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Pastors' Column

Each week one of our pastors or staff members writes a column observing what is going on in our congregation, the Church and the world, and offering reflections on the Christian life and faith. Through this series of columns, we hope to connect your and our story to the enduring story of Christ; to offer pastoral reflections on our ongoing congregational life and mission; to report on news of the Presbyterian Church and Church universal; and to invite further reflection and deeper discipleship. We welcome your comments and suggestions. In other words, our words here are an invitation to continue the conversation.

A Holy Pause?

This is a different pastor’s column. Originally, I was going to write about our Congregation Wide Day of Service. I was excited to tell you about the opportunities that awaited on Saturday morning—opportunities to create welcoming and nurturing spaces in the Education Building, to help resource partner churches, to work in community to feed and shelter neighbors in need, and more. I was excited to write about the opportunity and the gift we find in service; however, the Day of Service has been postponed. Instead of serving, we’re looking ahead to a day of snow. I wonder; however, if this isn’t a different opportunity… and a gift.

Read more: A Holy Pause?

New Year Beginnings

I always enjoy greeting the New Year with a cordial welcome and a commitment to clean up a bit in order to prepare for what is to come. At home I am glad to sweep up the remnant Christmas tree needles, clear out the rest of the clutter, and get that last thank you note written. In the church I am happy to turn the calendar to a fairly clean page and begin looking forward to worship and seasonal traditions, to anticipated events and new, even unexpected things that will arise over the horizon. January ushers in a new year for all of us and an anniversary for me because exactly three years ago I moved to Bryn Mawr and began my work among this congregation as your pastor.

Read more: New Year Beginnings

A Visit with Cathy Chang

This week the Presbyterian Church (USA) is engaging in seven days of prayer and action to fight against the problem of Human Trafficking around the globe. Working against this devastating issue has become a priority for Presbyterian Women both on the national and local level as well as for the work of Presbyterian World Mission in their fight against the root causes of poverty and confronting cultures of violence.

Read more: A Visit with Cathy Chang

The Longest Night

The observance of the longest night of the year, when we acknowledge the darkest of days and anticipate the light to come, makes space in worship for people for whom the Advent season surfaces grief as well as hopeful anticipation. Some of us approach Christmas with sadness because we miss a loved one who has died, or we are part of a family experiencing the trauma of illness or divorce. Statistics show that a rise in depression is common during the winter, and it is particularly prevalent during the holidays. And this year all of us have been exposed to the chaos of mass shootings, civil unrest at home and abroad, and new kinds of warfare that make us especially aware of the world’s darkness into which Christ is born.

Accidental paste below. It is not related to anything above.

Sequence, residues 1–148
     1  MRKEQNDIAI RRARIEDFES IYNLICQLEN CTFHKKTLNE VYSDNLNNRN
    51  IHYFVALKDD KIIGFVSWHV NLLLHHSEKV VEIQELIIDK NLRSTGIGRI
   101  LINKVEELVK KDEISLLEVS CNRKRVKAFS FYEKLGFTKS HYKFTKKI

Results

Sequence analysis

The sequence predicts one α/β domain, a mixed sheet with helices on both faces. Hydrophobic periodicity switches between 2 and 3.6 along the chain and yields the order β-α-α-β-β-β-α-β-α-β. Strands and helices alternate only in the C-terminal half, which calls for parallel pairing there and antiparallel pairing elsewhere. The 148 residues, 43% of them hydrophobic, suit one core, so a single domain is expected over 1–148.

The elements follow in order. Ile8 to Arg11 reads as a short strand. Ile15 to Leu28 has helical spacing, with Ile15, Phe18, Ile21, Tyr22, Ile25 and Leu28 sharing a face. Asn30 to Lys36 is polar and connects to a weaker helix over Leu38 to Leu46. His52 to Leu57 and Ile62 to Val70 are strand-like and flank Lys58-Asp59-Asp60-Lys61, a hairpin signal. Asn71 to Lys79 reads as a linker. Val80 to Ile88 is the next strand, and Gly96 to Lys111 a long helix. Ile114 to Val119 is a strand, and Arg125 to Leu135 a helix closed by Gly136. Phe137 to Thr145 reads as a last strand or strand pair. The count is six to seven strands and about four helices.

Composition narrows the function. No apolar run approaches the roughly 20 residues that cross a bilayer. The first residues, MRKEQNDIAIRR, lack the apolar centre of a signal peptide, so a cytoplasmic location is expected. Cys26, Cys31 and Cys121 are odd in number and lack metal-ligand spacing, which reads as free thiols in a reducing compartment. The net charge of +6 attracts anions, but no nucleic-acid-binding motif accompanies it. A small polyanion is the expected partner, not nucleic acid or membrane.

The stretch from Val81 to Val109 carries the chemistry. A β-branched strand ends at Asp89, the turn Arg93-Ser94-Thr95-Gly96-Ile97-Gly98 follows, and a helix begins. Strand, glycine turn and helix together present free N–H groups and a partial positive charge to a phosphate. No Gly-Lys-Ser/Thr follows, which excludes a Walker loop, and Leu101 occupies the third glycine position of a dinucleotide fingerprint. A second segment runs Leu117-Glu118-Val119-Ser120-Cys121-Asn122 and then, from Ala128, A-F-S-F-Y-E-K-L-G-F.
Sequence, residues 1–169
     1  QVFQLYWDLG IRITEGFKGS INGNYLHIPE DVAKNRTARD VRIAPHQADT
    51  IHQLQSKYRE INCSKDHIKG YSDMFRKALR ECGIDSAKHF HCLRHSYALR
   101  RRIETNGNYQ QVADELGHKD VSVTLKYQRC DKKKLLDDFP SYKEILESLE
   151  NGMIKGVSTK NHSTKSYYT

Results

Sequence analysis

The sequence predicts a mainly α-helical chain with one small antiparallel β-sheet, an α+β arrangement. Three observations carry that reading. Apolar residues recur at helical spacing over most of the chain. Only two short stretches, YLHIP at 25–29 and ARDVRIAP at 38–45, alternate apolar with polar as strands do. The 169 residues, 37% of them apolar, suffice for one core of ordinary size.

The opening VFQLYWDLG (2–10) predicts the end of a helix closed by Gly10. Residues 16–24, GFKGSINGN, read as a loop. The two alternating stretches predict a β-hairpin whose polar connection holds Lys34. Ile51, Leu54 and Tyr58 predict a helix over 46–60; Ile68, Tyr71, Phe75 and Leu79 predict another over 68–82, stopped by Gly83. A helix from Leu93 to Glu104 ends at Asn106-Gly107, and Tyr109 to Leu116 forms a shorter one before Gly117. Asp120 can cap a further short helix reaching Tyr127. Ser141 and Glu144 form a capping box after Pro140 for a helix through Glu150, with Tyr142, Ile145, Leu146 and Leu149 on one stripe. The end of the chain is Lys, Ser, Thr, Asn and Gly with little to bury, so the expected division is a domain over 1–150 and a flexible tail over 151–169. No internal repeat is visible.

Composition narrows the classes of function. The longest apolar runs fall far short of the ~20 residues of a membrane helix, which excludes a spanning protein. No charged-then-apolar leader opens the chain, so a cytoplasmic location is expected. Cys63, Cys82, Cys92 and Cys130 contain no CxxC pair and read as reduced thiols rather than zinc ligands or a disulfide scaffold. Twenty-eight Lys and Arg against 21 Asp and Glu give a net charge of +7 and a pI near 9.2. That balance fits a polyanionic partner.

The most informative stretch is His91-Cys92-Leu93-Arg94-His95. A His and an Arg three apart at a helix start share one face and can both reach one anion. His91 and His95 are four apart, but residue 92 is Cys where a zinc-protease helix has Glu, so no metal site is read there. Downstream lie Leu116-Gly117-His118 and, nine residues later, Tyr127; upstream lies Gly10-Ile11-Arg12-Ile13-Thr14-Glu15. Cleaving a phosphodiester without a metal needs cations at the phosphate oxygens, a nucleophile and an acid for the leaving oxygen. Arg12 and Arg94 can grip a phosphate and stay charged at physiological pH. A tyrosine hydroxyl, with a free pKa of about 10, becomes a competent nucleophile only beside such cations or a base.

Read more: The Longest Night

Soli Deo Gloria

Perhaps over the years you have noticed that a frequent title in Advent preludes and postludes is Savior of the Nations, Come (Nun komm, der Heiden Heiland). Johann Sebastian Bach arranged it for organ several times and composed two cantatas based on the hymn, for it was the hymn most closely associated with Advent in the 18th century German church. Martin Luther actually derived this hymn from a beloved Latin hymn, Veni redemptor gentium.

Read more: Soli Deo Gloria

Advent Begins

How do you know that Advent has begun? Is it the joy of eating that first piece of chocolate in the advent calendar? Is it when that first candle is lit in worship? Is it a particular hymn or a family tradition that makes it clear that Christmas is coming and we are faithfully waiting?

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A Prayer for Thanksgiving

O God to whom we belong, we celebrate this Thanksgiving Day by rejoicing in the abundance of your many blessings. We are thankful for all your gifts that make life meaningful and pleasurable: for love which binds us to one another in community, for passion that keeps us alive to the goodness of life, for compassion that opens our hearts to others.

Read more: A Prayer for Thanksgiving

The Gifts We Need

The other day as I was walking my son to the bus stop, we had a brief conversation about our expectations for Christmas this year. Living in Egypt for the past two holiday seasons meant very modest Christmas celebrations. Western toys that we could get our hands on in Cairo were far more expensive than they were worth, and in the back of our minds anything bought in Egypt would need to fit in suitcases when we moved home.

Read more: The Gifts We Need

A Time of Gathering In

All signs point to it. This is a time for gathering in. Nature’s harvest where we live is nearly complete for the year. We’ve had our spring berries, the abundance of summer fruits and vegetables, and now the apples and pumpkins and squash. Our harvest is nearly complete.

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Never the Same

He chose us in Christ before the foundation of the world to be holy and blameless before him in love. He destined us for adoption as his children through Jesus Christ. –Ephesians 1:4-5

At 8:18am on Easter morning this year, Sarah and I received the most incredible gift. At Bryn Mawr Hospital, as the church began its first Easter service, our daughter Hadley Claire was born and changed our lives forever. As we have discovered, life would never be the same.

Read more: Never the Same